Gogol wakes up in bed alone. Moushumi is attending an academic conference in Palm Beach, and Gogol notices that she hasn’t taken her bathing suit with her. The apartment is freezing cold, since the heating is out, and Gogol rises, finally, putting on coffee and sitting down to work on an architectural project. Although he seems to recognize that his marriage has grown increasingly strained, he nevertheless finds solace in his work, which occupies his mind. He eventually goes into the office, chased away from his apartment because of the terrible chill, and, among his work papers, he sees an old passport photo of Moushumi. It reminds him of the intensity of their love when they first met.
Gogol remembers Thanksgiving, the weekend before, when Ashima, Sonia and her boyfriend Ben came to Gogol and Moushumi’s apartment in New York, along with Moushumi’s family. It was, Gogol realizes, the first time they, as a couple, had hosted a holiday. Gogol feels it is strange, now, to be in charge of family gatherings. Gogol has an enjoyable time during the Thanksgiving festivities, but begins to wonder, then, if Moushumi still loves him. She has seemed unhappy around him for some time.
Back in the office, Gogol decides he wishes to go outside for lunch. He buys and eats a falafel, and walks around the city, despite the cold, trying to shop for Moushumi for Christmas. It dawns on him that he does not know what she wants this year, because she hasn’t left him any hints regarding her desires. He continues walking and winds up at a Barnes and Noble, where he buys a guidebook to Italy. He realizes what his present will be: a trip to Italy for the two of them, where they can see the sights together in a place that is foreign to each.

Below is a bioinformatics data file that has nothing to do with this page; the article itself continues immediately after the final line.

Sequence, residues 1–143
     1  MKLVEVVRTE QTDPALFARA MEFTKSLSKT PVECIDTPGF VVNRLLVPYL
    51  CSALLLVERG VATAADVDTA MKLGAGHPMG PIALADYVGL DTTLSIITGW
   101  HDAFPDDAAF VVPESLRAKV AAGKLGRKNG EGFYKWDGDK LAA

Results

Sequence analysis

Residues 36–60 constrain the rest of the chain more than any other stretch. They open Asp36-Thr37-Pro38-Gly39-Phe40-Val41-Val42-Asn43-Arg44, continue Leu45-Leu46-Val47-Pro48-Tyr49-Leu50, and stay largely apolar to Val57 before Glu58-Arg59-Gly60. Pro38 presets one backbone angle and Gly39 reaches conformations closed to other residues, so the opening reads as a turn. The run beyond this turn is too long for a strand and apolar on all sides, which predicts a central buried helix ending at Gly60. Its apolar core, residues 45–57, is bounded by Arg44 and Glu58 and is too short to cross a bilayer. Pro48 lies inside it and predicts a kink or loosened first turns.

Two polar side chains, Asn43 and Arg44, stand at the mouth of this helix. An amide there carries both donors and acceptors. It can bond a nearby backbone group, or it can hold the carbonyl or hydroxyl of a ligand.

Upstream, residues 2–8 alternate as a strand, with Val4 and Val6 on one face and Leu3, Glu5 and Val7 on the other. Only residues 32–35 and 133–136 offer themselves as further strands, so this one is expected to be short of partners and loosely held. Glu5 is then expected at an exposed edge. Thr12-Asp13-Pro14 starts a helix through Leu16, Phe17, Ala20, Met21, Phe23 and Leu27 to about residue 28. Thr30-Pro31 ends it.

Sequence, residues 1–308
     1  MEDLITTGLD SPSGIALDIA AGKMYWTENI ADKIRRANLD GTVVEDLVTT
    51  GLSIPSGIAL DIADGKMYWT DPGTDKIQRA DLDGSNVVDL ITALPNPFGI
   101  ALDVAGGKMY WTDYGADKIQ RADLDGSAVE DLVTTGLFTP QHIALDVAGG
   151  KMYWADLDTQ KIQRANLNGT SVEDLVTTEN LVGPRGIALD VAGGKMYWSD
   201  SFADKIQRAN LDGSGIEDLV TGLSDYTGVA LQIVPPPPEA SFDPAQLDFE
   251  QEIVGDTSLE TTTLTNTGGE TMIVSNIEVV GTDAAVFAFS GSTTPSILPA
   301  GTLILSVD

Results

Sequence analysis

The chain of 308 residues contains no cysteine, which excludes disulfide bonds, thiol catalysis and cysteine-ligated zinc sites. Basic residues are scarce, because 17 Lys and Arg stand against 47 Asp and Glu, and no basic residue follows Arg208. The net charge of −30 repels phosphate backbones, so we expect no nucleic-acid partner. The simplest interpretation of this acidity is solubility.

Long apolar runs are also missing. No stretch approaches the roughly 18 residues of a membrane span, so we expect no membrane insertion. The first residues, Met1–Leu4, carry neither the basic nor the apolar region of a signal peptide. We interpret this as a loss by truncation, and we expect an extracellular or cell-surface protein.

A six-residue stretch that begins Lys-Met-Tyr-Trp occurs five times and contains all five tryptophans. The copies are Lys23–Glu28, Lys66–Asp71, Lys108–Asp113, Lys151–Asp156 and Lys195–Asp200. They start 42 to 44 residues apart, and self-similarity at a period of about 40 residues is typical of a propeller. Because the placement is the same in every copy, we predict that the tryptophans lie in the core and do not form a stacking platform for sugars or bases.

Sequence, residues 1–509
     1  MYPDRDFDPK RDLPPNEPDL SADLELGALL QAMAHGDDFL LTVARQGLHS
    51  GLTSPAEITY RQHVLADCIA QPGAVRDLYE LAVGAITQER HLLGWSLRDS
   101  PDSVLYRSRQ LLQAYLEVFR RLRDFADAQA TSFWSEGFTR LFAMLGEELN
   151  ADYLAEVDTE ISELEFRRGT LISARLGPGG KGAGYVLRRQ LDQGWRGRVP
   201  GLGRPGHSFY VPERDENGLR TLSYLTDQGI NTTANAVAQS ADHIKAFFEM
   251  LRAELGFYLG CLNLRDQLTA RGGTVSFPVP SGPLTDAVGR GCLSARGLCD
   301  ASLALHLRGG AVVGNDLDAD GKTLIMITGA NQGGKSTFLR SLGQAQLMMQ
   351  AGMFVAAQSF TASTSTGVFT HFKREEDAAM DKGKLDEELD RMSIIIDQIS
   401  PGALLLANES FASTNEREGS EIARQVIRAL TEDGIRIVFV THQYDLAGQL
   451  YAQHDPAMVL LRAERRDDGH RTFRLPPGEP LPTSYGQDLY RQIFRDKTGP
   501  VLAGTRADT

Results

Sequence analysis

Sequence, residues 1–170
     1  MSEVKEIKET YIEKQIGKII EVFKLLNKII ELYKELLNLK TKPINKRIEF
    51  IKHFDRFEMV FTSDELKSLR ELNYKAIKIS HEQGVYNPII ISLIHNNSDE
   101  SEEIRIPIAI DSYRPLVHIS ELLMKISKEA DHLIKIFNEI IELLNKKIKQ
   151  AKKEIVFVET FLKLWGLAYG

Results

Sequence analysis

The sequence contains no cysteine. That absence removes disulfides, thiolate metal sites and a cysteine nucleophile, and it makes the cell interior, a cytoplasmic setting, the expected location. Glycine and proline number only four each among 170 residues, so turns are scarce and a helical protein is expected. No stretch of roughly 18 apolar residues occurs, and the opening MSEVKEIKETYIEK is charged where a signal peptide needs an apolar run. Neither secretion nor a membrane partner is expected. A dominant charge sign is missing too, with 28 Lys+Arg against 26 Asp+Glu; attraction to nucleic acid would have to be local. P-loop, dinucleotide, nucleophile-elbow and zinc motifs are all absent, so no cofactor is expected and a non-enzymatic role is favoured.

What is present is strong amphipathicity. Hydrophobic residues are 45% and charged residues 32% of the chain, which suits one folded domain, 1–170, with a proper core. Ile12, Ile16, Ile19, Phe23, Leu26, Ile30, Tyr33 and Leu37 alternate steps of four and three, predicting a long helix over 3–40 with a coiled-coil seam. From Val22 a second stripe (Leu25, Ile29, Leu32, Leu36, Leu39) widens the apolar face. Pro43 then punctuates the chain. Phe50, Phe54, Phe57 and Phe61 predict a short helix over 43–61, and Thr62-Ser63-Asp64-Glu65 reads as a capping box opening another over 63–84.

Gogol then walks back to the apartment, feeling better about his Christmas purchase, but still gloomy from the darkness and cold of the day. When he reaches their building, the doorman tells Gogol that Moushumi has returned, and Gogol imagines her in the apartment, bathing and drinking wine.
This chapter returns to narration from Gogol’s perspective. Moushumi is away, and Gogol suspects nothing—although he does notice that her swimsuit isn’t with her, despite her trip to a warm climate. It is perhaps more correct to say that Gogol knows something is up in their relationship. But he is either unwilling or unable to think about it. Instead, as he typically does, he throws himself into his work.
The cold of the apartment is emblematic of the coldness that has fallen over Gogol’s and Moushumi’s marriage. In the office, Gogol sees, in his wife’s old passport photo, the woman he fell in love with, the woman who charmed him so thoroughly with her stories of life abroad. Indeed, Gogol fell in love with Moushumi in part because he respected her willingness to set out on her own, to find her own path in Europe, against her parents’ wishes. Gogol realizes that he has never tried anything like this. He has spent much of his life within a few hours’ train ride from his parents. He is not so adventurous as Moushumi, nor as his own parents, who traveled halfway around the world to build a life for themselves.